Mike Miller Understands Release From Heat, Calls It ‘Business Side of Basketball’

Heat Miller Amnesty BasketballMike Miller had a feeling Tuesday’s news was coming, but that did not make it any easier to accept.

Miller was waived by the Miami Heat using the amnesty provision on Tuesday, relieving the Heat of roughly $12.8 million from their luxury tax figure for the next two seasons. With the NBA’s tax rules set to become more prohibitive this year, the Heat are positioned to be one of the league’s biggest taxpayers — and they still will be after releasing Miller, albeit at a slightly lower figure.

“I understand the business side of basketball,” Miller told The Associated Press. “It’s a combination of being very, very thankful for the opportunity that I’ve had, but it hurts that we had a chance to do something very, very special and I’d love to have been a part of it.”

Miller, 33, has battled injuries throughout his career, particularly in the last few seasons. He averaged 4.8 points per game this season while helping Miami win its second straight NBA championship.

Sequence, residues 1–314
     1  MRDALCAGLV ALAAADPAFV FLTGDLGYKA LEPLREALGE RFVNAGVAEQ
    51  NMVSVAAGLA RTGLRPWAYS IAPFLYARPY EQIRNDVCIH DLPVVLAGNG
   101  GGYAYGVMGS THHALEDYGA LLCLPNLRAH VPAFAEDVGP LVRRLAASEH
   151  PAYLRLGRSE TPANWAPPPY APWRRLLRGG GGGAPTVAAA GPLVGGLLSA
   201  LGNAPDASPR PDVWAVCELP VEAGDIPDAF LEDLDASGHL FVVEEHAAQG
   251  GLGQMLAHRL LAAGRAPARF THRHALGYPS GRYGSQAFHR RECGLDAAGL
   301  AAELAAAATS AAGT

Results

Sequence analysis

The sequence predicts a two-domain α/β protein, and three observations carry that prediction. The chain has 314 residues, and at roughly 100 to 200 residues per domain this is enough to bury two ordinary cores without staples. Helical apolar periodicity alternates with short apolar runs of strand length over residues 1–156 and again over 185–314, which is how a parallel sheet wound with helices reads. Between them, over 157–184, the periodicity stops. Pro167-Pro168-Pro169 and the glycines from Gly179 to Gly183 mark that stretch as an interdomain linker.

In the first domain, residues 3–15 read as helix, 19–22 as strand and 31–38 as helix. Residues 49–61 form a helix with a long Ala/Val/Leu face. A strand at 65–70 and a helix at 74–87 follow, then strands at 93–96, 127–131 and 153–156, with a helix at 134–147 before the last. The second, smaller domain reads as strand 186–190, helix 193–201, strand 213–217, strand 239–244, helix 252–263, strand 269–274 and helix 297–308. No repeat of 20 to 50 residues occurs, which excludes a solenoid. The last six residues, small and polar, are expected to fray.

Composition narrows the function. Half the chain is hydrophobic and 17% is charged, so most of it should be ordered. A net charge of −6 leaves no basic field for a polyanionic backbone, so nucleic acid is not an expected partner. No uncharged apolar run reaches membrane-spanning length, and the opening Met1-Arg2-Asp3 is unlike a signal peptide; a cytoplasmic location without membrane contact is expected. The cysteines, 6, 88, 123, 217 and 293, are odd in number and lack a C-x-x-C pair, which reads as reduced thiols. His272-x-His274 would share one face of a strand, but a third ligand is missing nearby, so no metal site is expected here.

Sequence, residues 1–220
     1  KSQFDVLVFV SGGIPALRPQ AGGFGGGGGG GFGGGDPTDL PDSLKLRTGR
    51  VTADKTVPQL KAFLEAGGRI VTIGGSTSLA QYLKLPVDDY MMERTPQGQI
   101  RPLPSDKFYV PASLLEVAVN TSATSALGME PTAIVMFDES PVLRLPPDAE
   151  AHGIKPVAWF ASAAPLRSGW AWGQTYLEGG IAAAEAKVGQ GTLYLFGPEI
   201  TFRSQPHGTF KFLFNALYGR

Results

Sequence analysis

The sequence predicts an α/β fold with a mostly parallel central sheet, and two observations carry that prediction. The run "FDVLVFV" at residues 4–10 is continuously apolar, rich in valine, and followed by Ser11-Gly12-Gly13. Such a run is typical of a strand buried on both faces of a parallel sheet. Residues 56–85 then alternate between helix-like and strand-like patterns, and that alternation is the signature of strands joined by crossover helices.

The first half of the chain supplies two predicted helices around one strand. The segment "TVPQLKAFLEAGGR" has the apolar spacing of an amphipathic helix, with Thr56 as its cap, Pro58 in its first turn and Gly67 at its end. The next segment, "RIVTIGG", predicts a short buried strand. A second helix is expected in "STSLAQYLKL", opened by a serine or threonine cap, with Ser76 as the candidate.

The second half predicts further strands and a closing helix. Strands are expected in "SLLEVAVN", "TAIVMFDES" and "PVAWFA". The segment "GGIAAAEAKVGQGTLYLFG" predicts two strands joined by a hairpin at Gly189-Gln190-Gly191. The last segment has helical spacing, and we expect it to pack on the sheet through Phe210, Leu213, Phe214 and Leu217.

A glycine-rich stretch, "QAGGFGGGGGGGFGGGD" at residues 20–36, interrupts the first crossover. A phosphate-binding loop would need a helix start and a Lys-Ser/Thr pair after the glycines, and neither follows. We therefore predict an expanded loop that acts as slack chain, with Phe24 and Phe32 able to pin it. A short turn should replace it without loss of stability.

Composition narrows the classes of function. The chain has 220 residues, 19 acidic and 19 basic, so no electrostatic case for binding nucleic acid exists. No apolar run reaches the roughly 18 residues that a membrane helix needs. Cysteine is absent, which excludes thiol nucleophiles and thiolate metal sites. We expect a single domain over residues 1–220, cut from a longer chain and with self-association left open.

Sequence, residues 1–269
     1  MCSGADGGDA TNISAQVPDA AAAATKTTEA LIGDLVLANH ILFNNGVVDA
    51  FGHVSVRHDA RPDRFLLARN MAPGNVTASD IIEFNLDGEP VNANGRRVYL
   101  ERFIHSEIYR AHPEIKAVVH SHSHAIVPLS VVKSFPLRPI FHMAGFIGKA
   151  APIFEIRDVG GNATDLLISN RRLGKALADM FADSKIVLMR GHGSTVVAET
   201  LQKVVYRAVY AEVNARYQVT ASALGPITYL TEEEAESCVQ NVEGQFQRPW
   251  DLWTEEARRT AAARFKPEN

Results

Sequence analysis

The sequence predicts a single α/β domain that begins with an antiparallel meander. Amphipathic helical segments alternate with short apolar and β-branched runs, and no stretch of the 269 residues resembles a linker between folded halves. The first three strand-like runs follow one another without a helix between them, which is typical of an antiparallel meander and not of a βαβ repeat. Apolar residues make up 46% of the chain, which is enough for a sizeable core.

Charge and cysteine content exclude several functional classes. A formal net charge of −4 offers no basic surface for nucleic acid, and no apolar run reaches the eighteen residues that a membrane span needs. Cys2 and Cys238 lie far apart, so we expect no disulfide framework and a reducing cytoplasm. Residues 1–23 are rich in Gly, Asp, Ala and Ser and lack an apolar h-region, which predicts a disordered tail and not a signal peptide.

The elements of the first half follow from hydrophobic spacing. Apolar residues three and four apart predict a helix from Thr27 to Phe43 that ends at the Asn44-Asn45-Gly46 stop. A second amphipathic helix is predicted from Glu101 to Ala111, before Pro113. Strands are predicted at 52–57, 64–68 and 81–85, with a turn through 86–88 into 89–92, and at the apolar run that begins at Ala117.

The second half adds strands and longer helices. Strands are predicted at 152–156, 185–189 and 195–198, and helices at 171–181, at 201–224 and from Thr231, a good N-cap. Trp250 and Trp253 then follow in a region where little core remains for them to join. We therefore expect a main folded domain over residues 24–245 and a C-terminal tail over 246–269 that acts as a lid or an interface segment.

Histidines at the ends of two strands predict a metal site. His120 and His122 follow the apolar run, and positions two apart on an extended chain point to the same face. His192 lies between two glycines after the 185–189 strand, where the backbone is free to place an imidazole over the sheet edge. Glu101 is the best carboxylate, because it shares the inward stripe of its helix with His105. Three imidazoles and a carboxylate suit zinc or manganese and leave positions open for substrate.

Miller was popular among teammates in the Heat’s close-knit locker room, by all accounts.

“I love Mike,” Dwyane Wade said, according to the AP. “We all love Mike. It’s tough to lose one of our brothers. But I think we all understand it’s not personal. It’s a business decision.”

Before Miller was waived, the Heat were estimated to owe $33 million in luxury tax this season, motivating team president Pat Riley to propose the Heat should get some tax relief since their “Big Three” signed under the previous collective bargaining agreement. As it stands, the Heat could still be made to pay as much as $2.50 per every $1 over the luxury tax line, depending on what other cost-cutting moves they make in the months ahead.

Yardbarker

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